Through the Turbulence

Verizon IndyCar Series blog covering news, opinions, and multimedia.

admin On March - 13 - 2015

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To celebrate the start of the 2015 IndyCar season I’m giving away a brand new Auto World Slot Car Set to one lucky winner. Everything in photo above is included in give-away.

 

To enter send e-mail to indy44@earthlink.net and tell me what you love about IndyCar and how you became a fan. In subject line of e-mail use tag #IndyCarSlotCarSet. Be sure to include twitter user name in e-mail. Winner will be notified through e-mail and on twitter. Contest starts at 2 PM ET 3/13/15 and ends 3/15/15 at 2 PM ET. I will read all e-mails and post winner’s submission here at contest end.  Good Luck! Matt @indy44

 

Congrats to #IndyCarSlotCarSet winner Rick Weber (Twitter handle @rickweber). Hope you and your family enjoy the Slot Car track!

 

Here’s Rick’s winning submission.

What comes to mind when I think about Indycar?

Tradition. History. Emotion. Memories. Hallowed ground. Flashbacks. Heritage. Emotion. Pageantry. Milk. Back Home Again. Drama. Balloons. Enormity. Heroes. Emotion. Colors. Sounds. Speed. Emotion.
These are just some of the words that come to mind when I think of what Indycar means to me.
To this day I can’t make it through the pre-race ceremonies without getting choked up. I am a huge Indycar fan and a huge race fan, but the Indianapolis 500 is so much more than just a race. It is an American institution. It is a celebration. It is a rite of passage. It is magic and goosebumps. And it is where I received my passion for Indycar.

In the late 70’s and early 80’s, some of my favorite childhood memories involved going to IMS for qualifications with my dad and my uncle. In 1979, I remember listening to the 500 on the radio and hearing Rick Mears win. As an eight year old, I thought it was so cool that the 500 winner shared my first name. In 1982, I remember going to Pole Day with my dad. Sadly, that was the day Gordon Smiley died in a Turn 3 accident. I remember hearing that the accident was bad.
We didn’t see it since we were on the the front stretch and in those days there were no jumbotrons showing replays. But, I’ll never forget hearing the announcement an hour or so later that Smiley had been fatally injured in the crash. It was a couple hours before the track re-opened for practice. My dad and I talked for a long time after that and for him it brought back memories of when Eddie Sachs was killed during the 1964 race. My dad talked about how he had a hard time continuing his love affair with the race after Eddie Sachs was killed. Sachs was one of my dad’s favorite drivers. I went though similar emotions after Wheldon’s death at Las Vegas. But somehow (almost against all logic), Indycar has a way of pulling you back in.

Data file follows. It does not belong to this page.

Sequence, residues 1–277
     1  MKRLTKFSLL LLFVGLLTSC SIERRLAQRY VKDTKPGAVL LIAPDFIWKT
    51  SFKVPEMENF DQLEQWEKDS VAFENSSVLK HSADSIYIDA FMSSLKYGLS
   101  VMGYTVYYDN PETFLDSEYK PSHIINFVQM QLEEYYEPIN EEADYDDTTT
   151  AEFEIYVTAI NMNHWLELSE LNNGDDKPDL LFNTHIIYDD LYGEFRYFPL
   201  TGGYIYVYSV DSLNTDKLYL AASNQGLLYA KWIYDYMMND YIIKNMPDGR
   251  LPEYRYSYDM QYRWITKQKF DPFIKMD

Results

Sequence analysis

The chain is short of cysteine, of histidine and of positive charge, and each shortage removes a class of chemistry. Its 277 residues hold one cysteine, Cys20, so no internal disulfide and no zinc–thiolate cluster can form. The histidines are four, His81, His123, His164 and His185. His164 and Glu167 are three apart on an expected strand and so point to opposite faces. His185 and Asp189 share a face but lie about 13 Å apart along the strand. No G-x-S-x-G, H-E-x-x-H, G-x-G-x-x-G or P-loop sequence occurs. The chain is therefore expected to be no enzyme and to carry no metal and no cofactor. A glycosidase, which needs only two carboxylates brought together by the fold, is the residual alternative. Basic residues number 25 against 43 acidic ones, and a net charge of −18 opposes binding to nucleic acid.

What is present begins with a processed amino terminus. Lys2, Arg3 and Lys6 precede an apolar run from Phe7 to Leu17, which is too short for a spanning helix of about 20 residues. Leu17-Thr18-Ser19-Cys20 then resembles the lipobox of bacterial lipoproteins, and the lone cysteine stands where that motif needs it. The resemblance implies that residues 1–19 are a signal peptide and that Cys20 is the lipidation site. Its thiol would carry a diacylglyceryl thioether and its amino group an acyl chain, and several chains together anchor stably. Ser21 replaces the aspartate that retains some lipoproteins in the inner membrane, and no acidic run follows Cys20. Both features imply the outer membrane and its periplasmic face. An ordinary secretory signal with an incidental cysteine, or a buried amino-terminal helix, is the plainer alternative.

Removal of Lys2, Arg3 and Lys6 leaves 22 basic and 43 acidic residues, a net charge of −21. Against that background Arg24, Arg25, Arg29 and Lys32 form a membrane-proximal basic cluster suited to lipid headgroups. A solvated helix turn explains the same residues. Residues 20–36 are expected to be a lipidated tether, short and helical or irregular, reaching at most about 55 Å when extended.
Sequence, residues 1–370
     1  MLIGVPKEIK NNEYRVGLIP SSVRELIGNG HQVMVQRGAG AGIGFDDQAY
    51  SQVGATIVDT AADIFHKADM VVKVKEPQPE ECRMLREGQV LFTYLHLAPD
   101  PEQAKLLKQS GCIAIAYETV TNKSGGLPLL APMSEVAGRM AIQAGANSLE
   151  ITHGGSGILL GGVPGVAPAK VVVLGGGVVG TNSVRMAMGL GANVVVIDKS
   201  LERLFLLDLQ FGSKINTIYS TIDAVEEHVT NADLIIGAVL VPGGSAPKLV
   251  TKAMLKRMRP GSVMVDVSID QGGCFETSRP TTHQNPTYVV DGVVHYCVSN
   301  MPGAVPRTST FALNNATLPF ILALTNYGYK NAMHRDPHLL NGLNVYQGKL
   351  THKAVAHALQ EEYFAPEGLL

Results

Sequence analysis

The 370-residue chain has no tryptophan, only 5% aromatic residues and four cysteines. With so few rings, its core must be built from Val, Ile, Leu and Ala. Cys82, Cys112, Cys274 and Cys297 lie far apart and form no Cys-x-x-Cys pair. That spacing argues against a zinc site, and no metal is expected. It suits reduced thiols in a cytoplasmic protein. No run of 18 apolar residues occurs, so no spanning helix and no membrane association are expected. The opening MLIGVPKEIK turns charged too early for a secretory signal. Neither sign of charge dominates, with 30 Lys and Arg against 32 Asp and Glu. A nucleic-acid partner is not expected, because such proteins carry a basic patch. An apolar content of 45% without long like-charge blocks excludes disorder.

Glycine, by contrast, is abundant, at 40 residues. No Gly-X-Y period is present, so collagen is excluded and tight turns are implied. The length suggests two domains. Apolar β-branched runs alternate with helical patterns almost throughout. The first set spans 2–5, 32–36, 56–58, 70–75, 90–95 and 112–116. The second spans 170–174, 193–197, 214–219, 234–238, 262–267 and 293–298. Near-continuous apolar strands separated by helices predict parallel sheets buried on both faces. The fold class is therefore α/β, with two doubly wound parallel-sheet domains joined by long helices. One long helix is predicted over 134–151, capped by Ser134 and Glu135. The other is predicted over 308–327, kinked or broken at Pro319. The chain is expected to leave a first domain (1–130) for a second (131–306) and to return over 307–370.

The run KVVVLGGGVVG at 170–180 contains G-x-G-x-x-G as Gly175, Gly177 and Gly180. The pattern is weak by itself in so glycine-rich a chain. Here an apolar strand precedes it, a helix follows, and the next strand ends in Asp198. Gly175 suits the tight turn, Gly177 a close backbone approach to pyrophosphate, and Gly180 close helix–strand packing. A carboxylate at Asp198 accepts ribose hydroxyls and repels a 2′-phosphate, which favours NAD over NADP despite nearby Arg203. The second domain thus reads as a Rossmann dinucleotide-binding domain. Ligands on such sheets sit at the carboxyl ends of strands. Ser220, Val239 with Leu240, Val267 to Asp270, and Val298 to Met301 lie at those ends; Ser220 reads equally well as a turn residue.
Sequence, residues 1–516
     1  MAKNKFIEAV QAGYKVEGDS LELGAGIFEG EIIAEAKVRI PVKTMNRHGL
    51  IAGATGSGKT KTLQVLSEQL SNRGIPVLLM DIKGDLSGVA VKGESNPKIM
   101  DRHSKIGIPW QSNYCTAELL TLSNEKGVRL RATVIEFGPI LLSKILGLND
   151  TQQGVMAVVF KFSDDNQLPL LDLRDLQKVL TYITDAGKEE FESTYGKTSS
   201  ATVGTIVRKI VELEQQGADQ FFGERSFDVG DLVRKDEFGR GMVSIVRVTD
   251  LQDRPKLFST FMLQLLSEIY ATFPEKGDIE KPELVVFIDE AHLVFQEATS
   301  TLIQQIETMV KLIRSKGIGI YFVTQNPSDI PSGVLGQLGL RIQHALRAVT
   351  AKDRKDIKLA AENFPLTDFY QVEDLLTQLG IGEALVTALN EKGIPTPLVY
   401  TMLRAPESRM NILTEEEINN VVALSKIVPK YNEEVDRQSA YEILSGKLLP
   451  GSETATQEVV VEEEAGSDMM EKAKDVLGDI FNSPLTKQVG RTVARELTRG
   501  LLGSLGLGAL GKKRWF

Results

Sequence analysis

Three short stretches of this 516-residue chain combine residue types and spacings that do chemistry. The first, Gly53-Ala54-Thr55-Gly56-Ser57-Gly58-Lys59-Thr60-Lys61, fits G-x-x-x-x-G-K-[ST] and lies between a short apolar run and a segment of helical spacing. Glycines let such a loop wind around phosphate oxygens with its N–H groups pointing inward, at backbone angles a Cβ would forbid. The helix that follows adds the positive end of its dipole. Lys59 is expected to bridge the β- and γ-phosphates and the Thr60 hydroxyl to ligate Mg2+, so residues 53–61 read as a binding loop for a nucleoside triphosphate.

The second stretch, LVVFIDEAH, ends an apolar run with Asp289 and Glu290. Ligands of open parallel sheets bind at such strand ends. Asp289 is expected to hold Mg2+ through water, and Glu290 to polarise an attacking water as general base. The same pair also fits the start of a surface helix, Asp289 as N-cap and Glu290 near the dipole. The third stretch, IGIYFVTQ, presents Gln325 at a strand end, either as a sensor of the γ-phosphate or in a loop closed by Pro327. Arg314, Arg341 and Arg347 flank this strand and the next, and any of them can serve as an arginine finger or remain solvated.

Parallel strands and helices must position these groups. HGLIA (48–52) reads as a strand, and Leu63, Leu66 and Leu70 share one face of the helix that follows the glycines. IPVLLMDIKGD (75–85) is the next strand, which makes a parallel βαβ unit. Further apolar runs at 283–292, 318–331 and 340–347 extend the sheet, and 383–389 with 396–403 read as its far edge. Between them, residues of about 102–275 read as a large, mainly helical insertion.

In 1982, I listened to the race with my dad on the radio. I was cheering for Rick Mears and I was walking laps around our dining table picturing where the duel between Johncock and Mears was taking place. Dad was leaning forward in his chair and I remember him just repeating ‘I can’t believe it’ over and over after what was at that time the closest finish in 500 history. The next year we had to be there in person.

So in 1983, I finally got to go to my first Indy 500 and witness the drama in person. In 1983 the battle that year of Sneva and Big Al, with rookie Little Al a lap down (assisting his Dad late in the race by possibly blocking when his car was between Big Al and the Gas Man). As a 12 year old that year, I remember thinking that I would totally do that for my dad. I also remember that year hearing that earlier in his career that Tom Sneva had been a school teacher. As a middle school student at the time, I thought that was kind of cool.
The next year, I got to see in person my radio hero from 1979 win his second 500. The following year (1985), we were sitting on wooden bleachers on the inside of turn one (these bleachers no longer exist). They weren’t very good seats overall, but we had the absolute perfect view of Danny Sullivan’s famous ‘spin and win’ as it happened right in front of us. From 1986-1989 we moved our seats and sat in the Southwest Vista. One of my favorite memories from those years was Big Al’s 4th win in 1987. I was always a fan of the Unsers, and not the Andrettis.

Since then, I have had to miss some race days over the years, but I have been to 24 500’s in all and this year will be my 25th. Since 2004, my wife and I have been sitting in Stand A. I love these seats and enjoy that we are covered on rainy days and shaded on hot days. We also have a great view if the front straight, the pits, and Turn 1.

Sadly, my dad passed away 14 years ago and my uncle is now gone as well, but I can still see them in their prime in my mind’s eye when I step through the gates at 16th and Georgetown.

Now, I take my two young sons to the track. I tell them how I use to come to the track with my dad when I was a little boy. I stand in wonder looking at that enormous track and hearing the echoes of generations past. I hope that they will have memories like I do of the speedway. Memories built traditions after all. Little Al said it best in 1992 with tears in his eyes (and he wasn’t speaking just for drivers). “You just don’t know what Indy means.”
So my love for Indycar started with the Indy 500, but it quickly transferred to the entire Indycar season. For the past 5 years, I have made it in person to at least 3 Indycar races each season and I watch the rest on TV. We know to schedule family events around Indycar races. This summer, I am taking my sons to Mid-Ohio, Milwaukee and Iowa for races. In the past, I have made it to Kentucky, Kansas, Pocono and Fontana. We are also looking forward to attending the Grand Prix of Indy for the second time this year.
That’s what Indycar means to me!
Rick

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